The Pumas outscored Ireland by four converted tries to two and five penalties to two, finishing with more than double the points of their vanquished foe. This clearly underlines their superiority, although the match did ebb and flow from one direction to the other. First the Argentinians hit the ground running in the first quarter, establishing a near-impregnable position, courtesy of two early tries, and a penalty from the lethal Nicolas Sanchez. Then the men in green awoke from their slumber and rallied either side of half time to find themselves only three points in arrears. However, just when the momentum was apparently with the Oirish, their challenge wilted and the South Americans finished the proceedings with another hatful of points.
The national team have never won a knockout match in the Rugby World Cup, and injuries to key personnel notwithstanding, this Cardiff contest represented the best chance ever for the Oirish to reach the last four and justify their IRB world ranking of three. However, the tussle was further evidence of how misleading world rankings are, as the likes of Ireland and the other home nations have a tendency to defeat southern hemisphere teams during autumn internationals when there is little at stake, except temporary bragging rights, thereby elevating their status in world rugby to an unrealistic ranking. However, when push comes to shove, in the biggest tournament of all, the southern hemisphere teams go up a level, not always seen during the autumn internationals, and the home unions have no response.
Yes Ireland could point to the missing players who could have been very influential, but it is futile making excuses. Argentina are now well schooled in their regular skirmishes with the southern hemisphere giants, and accordingly they have become extremely streetwise. They will be worthy semi-final opponents of the Aussies, and a defeat of the Wallabies next Sunday would be no shock.
Elsewhere, New Zealand trounced France. To think that some English pundits (and supporters too, now in denial) thought that England might be able to challenge the All Blacks for world supremacy. That team on Saturday night were light years ahead of any of the European nations. Only a British Lions selection might compete with the southern hemisphere’s finest at present, and even this is debatable. Wales and Scotland were gallant losers, and were within a few minutes and one score of ultimate victory, but hard luck stories are all they have to cling on to. If you play well enough, you can win convincingly and therefore take the referee’s decisions out of the equation.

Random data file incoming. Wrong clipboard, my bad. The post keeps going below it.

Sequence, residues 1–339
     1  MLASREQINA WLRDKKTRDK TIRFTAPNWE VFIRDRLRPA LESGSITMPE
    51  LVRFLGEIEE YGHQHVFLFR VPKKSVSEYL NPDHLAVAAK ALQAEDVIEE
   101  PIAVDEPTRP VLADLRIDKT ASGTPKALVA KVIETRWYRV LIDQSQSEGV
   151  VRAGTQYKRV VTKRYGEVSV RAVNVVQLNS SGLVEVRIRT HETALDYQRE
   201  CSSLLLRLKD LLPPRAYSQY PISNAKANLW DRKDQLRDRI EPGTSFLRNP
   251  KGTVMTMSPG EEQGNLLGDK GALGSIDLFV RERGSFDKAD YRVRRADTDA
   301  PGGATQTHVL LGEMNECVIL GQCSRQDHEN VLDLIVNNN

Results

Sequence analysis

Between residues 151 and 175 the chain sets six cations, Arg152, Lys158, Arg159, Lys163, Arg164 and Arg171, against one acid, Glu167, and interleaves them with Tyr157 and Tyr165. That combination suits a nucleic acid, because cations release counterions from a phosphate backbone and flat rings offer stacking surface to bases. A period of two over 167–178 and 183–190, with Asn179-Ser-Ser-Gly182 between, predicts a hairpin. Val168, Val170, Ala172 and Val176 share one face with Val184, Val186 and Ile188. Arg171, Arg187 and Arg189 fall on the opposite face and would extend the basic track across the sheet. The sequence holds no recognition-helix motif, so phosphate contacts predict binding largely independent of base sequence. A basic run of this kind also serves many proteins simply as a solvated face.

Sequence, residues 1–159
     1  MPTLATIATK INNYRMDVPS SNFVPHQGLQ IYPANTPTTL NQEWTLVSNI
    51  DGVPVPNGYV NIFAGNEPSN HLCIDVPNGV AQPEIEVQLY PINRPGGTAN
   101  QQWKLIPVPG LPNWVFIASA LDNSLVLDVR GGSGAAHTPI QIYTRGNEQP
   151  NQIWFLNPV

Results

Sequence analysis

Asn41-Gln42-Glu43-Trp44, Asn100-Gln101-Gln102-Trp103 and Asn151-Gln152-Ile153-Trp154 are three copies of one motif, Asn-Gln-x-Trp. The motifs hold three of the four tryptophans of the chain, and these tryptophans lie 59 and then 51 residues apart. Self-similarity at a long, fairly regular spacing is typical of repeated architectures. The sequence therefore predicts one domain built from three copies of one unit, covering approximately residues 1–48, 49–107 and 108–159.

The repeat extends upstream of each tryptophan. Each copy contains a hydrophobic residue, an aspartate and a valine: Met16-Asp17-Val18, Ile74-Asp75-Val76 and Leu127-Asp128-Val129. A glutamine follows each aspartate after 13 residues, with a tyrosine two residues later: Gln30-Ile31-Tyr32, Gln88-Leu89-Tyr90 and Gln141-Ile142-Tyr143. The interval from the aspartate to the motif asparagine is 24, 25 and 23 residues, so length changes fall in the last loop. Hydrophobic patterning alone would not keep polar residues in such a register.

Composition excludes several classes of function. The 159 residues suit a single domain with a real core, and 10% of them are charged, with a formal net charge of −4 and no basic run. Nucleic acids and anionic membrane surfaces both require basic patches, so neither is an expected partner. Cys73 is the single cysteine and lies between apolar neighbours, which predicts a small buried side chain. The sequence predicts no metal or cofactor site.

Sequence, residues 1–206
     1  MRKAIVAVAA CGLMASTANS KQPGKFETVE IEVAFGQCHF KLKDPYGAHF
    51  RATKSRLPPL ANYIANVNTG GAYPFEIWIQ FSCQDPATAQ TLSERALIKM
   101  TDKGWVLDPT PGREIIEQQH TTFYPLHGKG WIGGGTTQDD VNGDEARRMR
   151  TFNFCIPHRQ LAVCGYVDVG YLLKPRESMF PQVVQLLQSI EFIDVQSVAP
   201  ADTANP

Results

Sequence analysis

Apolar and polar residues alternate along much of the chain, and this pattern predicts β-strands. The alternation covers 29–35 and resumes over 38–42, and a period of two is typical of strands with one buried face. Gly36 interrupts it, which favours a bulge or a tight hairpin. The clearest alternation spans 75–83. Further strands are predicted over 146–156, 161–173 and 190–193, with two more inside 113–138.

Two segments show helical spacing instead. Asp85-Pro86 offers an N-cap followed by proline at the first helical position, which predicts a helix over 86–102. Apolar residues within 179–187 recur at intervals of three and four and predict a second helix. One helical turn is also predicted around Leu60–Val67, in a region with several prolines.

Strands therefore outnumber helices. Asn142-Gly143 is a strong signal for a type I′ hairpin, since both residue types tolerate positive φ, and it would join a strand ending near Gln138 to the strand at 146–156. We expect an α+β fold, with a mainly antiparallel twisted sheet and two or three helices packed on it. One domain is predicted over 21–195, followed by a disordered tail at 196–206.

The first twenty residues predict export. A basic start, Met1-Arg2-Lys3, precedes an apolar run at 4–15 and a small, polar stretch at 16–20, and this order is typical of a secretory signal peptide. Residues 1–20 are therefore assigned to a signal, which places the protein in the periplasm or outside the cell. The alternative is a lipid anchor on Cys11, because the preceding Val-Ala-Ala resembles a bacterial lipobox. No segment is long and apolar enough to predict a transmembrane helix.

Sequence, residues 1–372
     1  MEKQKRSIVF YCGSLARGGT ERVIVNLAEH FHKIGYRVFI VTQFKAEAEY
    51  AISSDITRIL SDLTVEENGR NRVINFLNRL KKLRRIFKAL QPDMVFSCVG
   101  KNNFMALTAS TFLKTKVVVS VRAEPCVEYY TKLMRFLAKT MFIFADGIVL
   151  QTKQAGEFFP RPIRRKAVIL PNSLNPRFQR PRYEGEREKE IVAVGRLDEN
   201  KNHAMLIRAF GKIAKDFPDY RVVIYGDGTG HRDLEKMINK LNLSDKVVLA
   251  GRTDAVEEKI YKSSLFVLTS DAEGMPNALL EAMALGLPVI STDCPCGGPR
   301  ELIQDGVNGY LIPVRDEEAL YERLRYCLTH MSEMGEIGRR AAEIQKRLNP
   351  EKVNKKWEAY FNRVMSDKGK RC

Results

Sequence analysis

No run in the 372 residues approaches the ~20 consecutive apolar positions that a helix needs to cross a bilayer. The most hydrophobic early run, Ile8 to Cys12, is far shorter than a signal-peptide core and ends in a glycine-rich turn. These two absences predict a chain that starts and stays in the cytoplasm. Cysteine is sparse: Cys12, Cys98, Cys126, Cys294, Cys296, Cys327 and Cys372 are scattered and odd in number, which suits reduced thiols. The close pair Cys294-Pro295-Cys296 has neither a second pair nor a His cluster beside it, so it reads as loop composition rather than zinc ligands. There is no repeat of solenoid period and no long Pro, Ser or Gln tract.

What now for Ireland? Well, the evidence seems to suggest that they are in their element in the annual Six Nations shindig, but glory in Europe’s premier competition is clearly not a precursor to world domination. The events of September and October are a reminder that greatness in Europe is all well and good but of limited significance, while autumn internationals are overstated as a barometer of progress. Until the Emerald Isle cracks the code to the safe, they will remain also-rans on the biggest stage of all.
There is unlikely to be any post-World Cup clearance of the playing staff. Ross won’t play at the next World Cup and neither will Best, but the latter is still in fine fettle, and one of the best players in the pack. He seems to be good for another couple of years. Furthermore, Murphy is not an adequate replacement at flanker. It remains to be seen whether Sexton, at 34 years of age, can feature at the next global rugby circus, while Bowe, Earls, Heaslip, and Rob Kearney may also have played their last World Cup fixtures.
Rob has been one of Ireland’s standout performers over the last decade. However, he is more guilty than anyone of the tiresome tactic of launching high balls into the air, not least because he is an expert at catching them. However, it is time that Ireland ditched their Garryowens. They might be a crowd-pleaser, but they are not especially effective. How many tries have Ireland (or any of the other nations) scored in recent times from a Garryowen? Instead, resorting to this tactic sends out the message that the team in possession have no confidence in their ability to penetrate enemy lines with ball in hand, and instead of backing themselves to advance with ball in hand, they must fire a lottery kick up into the sky in the vain hope that it will create turmoil amongst the opposition. However, a Garryowen is just as liable to be a fertile means of producing a deadly counter-attack and is frequently a cheap means of conceding possession.
In the last analysis, the losers in Europe can and will only make progress if they pay close attention to the performances and strategies of their conquerors. I don’t notice the Kiwis desperately launching kicks into the air. Until Ireland and the rest of Europe take a leaf or two out of the southern hemisphere manuals, they will continue to be also-rans on the world stage, even though a whole array of English and Welsh pundits believe their own foolish hype.